Four weeks started to feel like a long time.

When I retching turned to vomiting, the sigh became a plea to get home. On the upside, I’d had crepes (which I maintain, for all you non-American speakers out there, are not pancakes) filled with cinnamon sugar.

Always got to look on the bright side of life.

In this post, I will recount the basics of the trip, the wheres and with who’s and the accounts of who these people are. I will not start recounting the trip yet — that will begin in the next post. However, at the end of the next post, I will transcribe what I wrote in my travel log in an Obama administration fashion. To break with the government style, I will merely not transcript parts rather than blacking out what’s there. I’ll transcribe each day as it gets covered.

I traveled, in a dedicated fashion, with four people over the course of two weeks. For the first week and a half I tramped with my guest-sister Johanne and her roommate Alexander. She’s from Dresden and he from Berlin.
For the end of the second week I traveled solely with Johanne. For two days or so I went by myself.

The other two weeks, or so, I spent with a friend of Johanne (the guest sister) named Enikő. Enikő and Johanne had been in Belgium together in Highschool on exchange and had since not talked too much. Both, after meeting again, seemed to not know each other very well anymore. This meeting occurs later in the log.

Rounding out the group of four was Áron. Áron is the cousin of one of Enikő’s very good friends.

Here’s literal travel log:
Dresden to Krakow, Poland
Krakow to Budapest, Hungary
Budapest to Brasov, Romania
Brasov to Vulcani Noroiosi, Romania
Vulcani Noroiosi to Basau, Romania
Basau to Braila, Romania
Braila to Galeti, Romania
Galeti to Tulcea, Romania
Tulcea to Medgidia, Romania
Medgidia to Bucharest, Romania
Bucharest to Bourgas, Bulgaria
Bourgas to Dublin, Ireland
Dublin to Rome, Italy
Rome to Vienna, Austria
Vienna to Győr, Hungary
Győr to Budapest, Hungary
Budapest to Belgrade, Serbia
Belgrade to Podogrica, Montenegro
Podogrica to Kotor, Montenegro
Kotor to Podogrica to Sarajevo, Bosnia
Sarajevo to Mostar, Bosnia to Sarajevo
Sarajevo to Belgrade, Serbia
Belgrade to Budapest, Hungary
Budapest to Dresden, Germany

Sorry for the taste. It’ll get more interesting soon — I promise.

As for the pictures, here’s the album links:

Note: This post originally ran on my blog from many years ago, I posted to and updated it during some of my tenure as an au pair in Dresden, Germany.
It’s hard to believe.

Twelve full days in Germany. More specific, Saxony. More specific still Dresden, the capital of Saxony.

The people here are proud of their state, their city and their people. Kind of like Nevadans.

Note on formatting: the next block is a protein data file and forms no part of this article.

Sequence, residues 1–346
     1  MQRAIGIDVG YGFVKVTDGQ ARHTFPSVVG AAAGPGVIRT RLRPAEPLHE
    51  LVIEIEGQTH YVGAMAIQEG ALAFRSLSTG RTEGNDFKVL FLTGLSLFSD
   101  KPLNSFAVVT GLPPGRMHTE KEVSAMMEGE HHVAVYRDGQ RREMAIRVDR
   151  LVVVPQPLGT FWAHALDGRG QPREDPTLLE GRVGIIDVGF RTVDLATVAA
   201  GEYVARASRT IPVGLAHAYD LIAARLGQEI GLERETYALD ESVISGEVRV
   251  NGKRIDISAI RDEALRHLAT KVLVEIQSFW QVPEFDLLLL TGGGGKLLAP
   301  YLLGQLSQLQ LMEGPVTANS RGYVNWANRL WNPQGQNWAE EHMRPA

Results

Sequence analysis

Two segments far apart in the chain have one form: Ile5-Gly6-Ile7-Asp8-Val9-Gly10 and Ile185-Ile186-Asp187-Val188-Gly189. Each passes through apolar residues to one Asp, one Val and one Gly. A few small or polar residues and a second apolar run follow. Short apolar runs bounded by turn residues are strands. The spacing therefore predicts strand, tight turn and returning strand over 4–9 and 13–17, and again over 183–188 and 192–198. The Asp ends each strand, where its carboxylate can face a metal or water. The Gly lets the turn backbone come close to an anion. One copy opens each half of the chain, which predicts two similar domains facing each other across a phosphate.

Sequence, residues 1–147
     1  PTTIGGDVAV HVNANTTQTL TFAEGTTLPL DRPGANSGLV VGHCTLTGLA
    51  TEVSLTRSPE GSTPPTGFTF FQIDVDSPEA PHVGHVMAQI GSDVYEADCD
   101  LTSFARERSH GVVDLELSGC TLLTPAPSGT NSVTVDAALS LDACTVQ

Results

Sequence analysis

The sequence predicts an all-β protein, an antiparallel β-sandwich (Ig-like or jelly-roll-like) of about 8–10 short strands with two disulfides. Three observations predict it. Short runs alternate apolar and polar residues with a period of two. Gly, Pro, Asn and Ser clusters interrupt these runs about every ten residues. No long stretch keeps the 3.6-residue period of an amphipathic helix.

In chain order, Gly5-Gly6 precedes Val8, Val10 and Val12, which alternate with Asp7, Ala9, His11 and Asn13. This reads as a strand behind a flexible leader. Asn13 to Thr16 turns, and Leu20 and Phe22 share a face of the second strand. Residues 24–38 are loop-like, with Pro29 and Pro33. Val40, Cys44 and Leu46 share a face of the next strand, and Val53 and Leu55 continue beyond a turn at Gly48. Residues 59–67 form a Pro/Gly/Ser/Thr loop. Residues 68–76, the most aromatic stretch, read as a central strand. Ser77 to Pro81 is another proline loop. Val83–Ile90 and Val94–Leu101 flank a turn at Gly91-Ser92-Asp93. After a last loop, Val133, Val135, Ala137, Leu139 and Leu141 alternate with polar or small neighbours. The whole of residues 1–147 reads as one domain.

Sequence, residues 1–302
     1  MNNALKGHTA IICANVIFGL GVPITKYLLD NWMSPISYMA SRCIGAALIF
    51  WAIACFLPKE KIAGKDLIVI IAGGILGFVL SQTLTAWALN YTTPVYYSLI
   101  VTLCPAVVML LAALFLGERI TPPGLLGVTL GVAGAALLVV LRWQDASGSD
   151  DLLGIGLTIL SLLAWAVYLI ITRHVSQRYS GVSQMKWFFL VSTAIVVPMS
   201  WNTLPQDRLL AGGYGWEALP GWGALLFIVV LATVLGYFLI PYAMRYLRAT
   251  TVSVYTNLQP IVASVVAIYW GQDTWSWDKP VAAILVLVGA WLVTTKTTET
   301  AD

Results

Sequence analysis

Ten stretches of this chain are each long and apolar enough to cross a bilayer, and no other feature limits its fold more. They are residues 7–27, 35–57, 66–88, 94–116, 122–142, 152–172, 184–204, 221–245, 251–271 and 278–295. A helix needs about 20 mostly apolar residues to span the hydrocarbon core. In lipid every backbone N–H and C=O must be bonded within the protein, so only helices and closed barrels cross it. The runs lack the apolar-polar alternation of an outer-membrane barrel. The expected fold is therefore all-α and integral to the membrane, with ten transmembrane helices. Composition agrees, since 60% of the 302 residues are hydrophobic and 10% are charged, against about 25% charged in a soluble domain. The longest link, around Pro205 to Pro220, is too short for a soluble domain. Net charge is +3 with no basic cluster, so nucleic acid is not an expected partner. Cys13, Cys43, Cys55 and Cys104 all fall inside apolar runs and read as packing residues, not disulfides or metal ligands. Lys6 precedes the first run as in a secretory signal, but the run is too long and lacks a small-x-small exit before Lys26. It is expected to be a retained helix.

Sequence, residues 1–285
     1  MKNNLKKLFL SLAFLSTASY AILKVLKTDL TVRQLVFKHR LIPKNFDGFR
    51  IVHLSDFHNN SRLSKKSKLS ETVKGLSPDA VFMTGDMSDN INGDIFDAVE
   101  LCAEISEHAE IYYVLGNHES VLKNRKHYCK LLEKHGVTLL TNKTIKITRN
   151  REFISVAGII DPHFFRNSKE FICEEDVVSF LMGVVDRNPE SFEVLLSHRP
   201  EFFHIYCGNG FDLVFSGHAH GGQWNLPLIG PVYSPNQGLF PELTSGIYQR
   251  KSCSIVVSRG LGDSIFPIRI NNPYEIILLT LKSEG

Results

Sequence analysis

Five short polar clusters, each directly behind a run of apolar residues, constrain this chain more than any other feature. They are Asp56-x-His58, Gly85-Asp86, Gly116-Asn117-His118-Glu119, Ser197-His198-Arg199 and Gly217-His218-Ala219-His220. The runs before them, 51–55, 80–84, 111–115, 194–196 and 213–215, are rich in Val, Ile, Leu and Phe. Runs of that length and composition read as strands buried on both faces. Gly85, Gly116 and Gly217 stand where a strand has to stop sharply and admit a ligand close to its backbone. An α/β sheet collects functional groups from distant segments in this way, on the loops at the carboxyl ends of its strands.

The cat, (in the top picture, who I and the family call Katzu, pronounced more like Katza) and I presume most cats here, sleeps on the radiator. This radiator is the predominant heating system found in both homes and businesses and civic buildings. There’s a knob on the going from five, the hottest setting, downward.

The people here seem, and this is with 12 full days and counting, to be very deeply, profoundly, spiritually and civically affected by two things:

The Russian occupation of East Germany, which they refer to as the time during the GDR, or the German Democratic Republic

(Thanks history teachers for not teaching us about the fall of the Berlin wall, the reunification of Germany, the dissolution of the USSR. I really appreciate that the Carson educational system so thoroughly trained us instead in the Renaissance and the Renaissance art and the Renaissance sculptors and the miners and the Renaissance architecture and the Renaissance inventors, painters, tinkerers, founders and funders. I love moving to a foreign country that has a deep and rich history, the contemporary history just as enthralling as the centuries before, a first world country and one of the most powerful in the world, and only knowing about the Italian Renaissance, nothing more about Europe. Thanks for not teaching me about the Russian occupation or the dissolution of the USSR. I love America!)

The firebombing of Dresden

The Germans, especially the Dresdeners, were and are deeply hurt by the firebombing.

It’s not a sore. The firebombing got deep into their psyche. Their city was, the for most part destroyed. As may be seen in some of the pictures attached, or glossed over, is that the city was firebombed.

The statues and buildings standing after the bombing really show it. Their black. The sandstone of most of the buildings is black as charcoal.

Few buildings or statues survived the bombing. Few people, too.

I went with Andre (with an accent over the e I can’t reproduce on an American keyboard,) to the panoramic showing of Dresden before the seven year war with the Prussians, in 1773 or so. Or 1783. Somewhere in there.